Helen remembers her grandmother's body being washed. Someone applied make-up and put on a colorful dress. Her eyes were closed with cotton and a sand pillow was placed under her head. Helen remembers the family and visitors sitting around and talking. She said, "Usually they don't sleep. They just talk and talk and talk." They talk about many things, not just about the person who died. This behavior helps form a support system for the bereaved.

Helen and Kim mentioned the importance of doing the right thing. How much you cry indicates how faithful a child you are. At the time of death it is expected that people will talk about the things the person has done. The death itself is not talked about.

A table is set for eating and a bowl is placed on the table with chop sticks placed on the bowl of rice or fish for the soul to eat. During the service, the door is opened slightly before eating to let the soul enter.

Bowing to honor parents is important. There is a specific way that children bow to honor their live parents. After the death of a parent, bows in honor of that parent are done differently. In front of the food that has been placed on the table for the soul, is a black and white picture of the person who has died. The men and boys bow in honor at the table. They bow together and get up together. The food is then shared with everyone present.

There is a lot of community support. From what Helen said, it appears that the community support was stronger many years ago as people from the outlying community would come to the home of the deceased, even if they did not know the person.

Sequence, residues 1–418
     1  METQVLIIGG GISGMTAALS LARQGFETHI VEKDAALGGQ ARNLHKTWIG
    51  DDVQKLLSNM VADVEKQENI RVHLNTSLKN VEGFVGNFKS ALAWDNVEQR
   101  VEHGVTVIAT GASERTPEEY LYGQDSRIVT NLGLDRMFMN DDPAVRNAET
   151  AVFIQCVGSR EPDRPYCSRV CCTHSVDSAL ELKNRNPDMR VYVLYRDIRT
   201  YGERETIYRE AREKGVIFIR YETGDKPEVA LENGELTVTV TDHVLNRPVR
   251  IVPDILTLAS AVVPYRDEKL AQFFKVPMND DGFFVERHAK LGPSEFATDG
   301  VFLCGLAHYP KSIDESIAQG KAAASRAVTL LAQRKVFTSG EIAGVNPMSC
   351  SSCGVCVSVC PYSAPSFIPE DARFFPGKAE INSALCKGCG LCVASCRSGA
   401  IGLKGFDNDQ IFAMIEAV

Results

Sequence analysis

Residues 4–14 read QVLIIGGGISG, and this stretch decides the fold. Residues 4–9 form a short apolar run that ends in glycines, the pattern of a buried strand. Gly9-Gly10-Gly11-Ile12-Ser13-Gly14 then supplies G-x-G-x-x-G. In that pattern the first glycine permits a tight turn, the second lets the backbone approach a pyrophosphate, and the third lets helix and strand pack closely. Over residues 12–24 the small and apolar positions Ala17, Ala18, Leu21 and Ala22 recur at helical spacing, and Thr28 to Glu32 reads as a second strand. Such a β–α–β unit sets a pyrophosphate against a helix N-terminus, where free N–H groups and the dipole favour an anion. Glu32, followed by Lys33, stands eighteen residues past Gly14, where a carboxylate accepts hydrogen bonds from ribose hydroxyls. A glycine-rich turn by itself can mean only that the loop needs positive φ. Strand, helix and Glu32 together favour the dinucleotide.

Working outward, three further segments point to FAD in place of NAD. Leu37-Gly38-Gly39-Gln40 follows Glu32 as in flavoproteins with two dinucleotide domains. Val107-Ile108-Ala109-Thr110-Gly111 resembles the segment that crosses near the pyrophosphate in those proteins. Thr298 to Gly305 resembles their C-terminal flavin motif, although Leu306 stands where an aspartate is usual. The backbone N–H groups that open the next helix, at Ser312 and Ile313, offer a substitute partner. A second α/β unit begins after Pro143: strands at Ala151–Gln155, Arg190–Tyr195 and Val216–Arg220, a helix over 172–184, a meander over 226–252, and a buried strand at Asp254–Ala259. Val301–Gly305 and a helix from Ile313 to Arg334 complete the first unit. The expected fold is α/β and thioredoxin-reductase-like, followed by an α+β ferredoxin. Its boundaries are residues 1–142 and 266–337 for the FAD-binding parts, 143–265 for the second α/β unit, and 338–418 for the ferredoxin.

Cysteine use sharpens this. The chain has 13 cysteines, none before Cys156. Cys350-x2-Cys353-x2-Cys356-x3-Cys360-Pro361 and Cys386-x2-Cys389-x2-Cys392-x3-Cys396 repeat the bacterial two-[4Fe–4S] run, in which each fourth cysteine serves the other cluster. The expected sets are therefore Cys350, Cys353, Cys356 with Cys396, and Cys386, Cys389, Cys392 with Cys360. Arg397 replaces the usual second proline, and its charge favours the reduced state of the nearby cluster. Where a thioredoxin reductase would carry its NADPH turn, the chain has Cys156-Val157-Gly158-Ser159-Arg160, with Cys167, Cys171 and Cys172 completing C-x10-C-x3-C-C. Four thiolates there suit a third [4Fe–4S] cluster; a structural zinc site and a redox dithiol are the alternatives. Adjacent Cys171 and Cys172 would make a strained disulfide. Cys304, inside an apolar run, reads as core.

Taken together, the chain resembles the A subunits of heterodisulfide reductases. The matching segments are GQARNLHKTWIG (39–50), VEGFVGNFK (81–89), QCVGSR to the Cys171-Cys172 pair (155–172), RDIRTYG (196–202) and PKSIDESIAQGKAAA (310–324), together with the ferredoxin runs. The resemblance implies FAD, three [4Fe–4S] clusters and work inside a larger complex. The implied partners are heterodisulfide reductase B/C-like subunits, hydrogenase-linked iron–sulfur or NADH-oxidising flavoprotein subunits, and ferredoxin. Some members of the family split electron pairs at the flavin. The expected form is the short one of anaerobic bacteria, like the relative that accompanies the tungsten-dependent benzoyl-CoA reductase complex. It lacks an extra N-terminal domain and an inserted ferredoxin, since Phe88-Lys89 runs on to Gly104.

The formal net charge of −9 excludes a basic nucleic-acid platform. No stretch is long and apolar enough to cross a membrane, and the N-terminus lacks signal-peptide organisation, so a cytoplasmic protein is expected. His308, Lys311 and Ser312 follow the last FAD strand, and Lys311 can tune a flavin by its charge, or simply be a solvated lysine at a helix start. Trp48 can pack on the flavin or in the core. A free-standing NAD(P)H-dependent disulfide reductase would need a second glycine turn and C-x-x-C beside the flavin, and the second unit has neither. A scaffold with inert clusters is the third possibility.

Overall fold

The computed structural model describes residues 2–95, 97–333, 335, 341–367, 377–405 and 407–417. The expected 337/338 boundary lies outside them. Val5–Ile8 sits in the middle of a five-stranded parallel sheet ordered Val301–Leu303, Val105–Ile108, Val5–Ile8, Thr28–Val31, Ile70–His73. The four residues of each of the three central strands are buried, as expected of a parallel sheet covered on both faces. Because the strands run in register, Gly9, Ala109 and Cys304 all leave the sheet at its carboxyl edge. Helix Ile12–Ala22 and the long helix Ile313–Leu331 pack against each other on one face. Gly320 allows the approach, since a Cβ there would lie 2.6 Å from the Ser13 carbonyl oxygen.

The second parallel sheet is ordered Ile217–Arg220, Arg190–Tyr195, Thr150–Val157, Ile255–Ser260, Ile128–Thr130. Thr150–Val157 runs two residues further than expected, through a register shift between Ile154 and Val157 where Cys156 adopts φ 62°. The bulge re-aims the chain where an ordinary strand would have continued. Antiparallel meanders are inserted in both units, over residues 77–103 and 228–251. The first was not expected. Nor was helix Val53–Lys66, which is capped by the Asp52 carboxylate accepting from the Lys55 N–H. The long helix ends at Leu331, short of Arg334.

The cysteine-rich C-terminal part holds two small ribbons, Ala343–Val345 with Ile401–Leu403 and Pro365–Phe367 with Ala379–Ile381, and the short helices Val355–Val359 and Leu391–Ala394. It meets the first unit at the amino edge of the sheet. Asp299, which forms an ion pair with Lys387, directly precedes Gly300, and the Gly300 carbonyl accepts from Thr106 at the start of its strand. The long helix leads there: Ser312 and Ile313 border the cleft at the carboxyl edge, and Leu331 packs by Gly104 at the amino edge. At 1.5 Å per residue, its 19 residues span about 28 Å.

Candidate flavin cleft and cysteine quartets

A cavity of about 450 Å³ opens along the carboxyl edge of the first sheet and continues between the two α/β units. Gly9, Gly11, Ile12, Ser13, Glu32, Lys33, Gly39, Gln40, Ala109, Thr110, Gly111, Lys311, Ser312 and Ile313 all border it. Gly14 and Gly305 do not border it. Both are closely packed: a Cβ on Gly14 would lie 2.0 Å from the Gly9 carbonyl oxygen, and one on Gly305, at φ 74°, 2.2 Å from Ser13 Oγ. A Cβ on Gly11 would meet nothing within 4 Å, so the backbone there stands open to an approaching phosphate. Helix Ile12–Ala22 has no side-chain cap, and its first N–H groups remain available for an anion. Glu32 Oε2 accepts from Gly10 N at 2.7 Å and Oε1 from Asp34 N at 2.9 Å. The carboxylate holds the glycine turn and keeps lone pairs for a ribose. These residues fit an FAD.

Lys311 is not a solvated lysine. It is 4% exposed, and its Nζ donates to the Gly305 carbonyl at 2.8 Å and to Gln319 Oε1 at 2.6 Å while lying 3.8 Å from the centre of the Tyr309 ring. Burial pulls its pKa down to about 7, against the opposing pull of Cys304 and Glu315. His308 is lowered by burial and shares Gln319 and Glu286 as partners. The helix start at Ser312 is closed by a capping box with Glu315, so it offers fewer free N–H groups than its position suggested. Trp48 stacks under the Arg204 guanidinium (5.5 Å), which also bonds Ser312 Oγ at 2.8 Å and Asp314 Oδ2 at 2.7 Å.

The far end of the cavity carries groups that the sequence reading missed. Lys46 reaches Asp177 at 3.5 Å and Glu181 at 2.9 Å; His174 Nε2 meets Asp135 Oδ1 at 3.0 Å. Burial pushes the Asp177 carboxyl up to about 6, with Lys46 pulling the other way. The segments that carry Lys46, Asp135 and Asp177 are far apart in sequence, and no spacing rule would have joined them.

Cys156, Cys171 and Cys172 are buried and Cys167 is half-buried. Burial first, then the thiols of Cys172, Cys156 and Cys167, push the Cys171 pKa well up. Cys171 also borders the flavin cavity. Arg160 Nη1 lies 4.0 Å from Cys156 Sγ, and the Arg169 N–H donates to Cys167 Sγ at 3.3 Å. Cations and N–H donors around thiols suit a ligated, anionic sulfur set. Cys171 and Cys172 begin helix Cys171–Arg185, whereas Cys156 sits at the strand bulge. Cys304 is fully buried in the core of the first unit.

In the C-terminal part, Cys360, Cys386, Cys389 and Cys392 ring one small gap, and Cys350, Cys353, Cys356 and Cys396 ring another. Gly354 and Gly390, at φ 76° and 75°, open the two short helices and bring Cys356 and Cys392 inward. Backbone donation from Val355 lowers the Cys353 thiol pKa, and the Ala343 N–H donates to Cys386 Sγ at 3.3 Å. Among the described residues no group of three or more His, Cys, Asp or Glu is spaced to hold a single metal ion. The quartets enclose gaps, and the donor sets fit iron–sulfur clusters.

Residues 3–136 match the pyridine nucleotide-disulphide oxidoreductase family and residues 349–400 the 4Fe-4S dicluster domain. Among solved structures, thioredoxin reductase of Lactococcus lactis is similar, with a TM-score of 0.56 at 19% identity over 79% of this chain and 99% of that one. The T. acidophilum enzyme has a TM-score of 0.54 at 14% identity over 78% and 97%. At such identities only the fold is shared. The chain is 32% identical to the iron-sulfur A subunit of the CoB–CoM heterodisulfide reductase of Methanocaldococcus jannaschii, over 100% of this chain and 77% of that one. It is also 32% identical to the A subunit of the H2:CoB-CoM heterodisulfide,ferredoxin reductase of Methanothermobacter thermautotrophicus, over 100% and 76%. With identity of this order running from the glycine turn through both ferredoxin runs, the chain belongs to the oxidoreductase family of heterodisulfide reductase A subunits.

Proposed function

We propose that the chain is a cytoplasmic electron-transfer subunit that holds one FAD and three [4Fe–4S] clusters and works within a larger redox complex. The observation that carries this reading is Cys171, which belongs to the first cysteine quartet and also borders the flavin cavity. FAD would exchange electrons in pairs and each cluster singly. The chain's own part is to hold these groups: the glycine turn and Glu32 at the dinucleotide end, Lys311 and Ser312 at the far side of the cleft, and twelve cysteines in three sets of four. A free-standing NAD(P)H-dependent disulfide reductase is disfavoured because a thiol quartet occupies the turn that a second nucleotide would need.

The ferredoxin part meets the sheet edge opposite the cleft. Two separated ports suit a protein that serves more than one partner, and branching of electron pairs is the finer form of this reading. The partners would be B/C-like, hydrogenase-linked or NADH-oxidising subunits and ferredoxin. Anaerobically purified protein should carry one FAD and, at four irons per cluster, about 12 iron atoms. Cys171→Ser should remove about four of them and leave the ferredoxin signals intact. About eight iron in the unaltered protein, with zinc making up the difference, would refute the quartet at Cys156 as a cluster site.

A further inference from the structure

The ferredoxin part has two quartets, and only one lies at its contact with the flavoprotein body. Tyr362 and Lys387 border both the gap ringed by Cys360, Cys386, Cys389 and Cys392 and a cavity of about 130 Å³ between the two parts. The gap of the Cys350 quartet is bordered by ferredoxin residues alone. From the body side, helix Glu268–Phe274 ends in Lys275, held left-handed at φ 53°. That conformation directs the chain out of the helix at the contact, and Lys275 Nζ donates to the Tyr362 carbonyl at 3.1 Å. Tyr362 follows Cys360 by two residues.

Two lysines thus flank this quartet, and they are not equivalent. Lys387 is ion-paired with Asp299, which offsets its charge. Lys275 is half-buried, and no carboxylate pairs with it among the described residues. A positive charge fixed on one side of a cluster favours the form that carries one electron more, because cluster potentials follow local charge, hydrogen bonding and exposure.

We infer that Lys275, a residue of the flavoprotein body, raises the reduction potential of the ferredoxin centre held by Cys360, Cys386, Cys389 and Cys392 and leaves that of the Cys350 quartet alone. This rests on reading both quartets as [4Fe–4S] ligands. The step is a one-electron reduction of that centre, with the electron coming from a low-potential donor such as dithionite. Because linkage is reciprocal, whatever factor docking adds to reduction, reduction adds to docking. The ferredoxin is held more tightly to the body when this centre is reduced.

Helen also noted that, as other religions come into Korea and become part of the larger Korean culture, traditions are changing. She also said that the traditions are different in the city than in the villages. In the city, only family and friends come to the funeral, as opposed to the country where members of the community and surrounding communities all come. Shapiro notes that the funeral ritual is an "opportunity to affirm life and the continuity of community ties" (Shapiro, 225). This is certainly evident in the coming together of family and village members at the time of death.

When we were reviewing some of the things we had talked about, Helen started to talk about the death of a child or infant, which is treated differently than the death of an elder. If it is a child or an infant, "they really don't care. They don't talk about it." She went on to explain that she had a brother who died around one year of age. They (I didn't find out who they were, but I'm assuming it was her parents) went to the mountain to bury the baby. She noted that they didn't even make a tomb. They didn't make a mark. She later stated that loosing a baby or a young child is "one of the bad luck." She states that parents will be suffering, but do not talk about it much. She thinks that this may be because they feel guilty that they may have done something wrong "to kill the baby."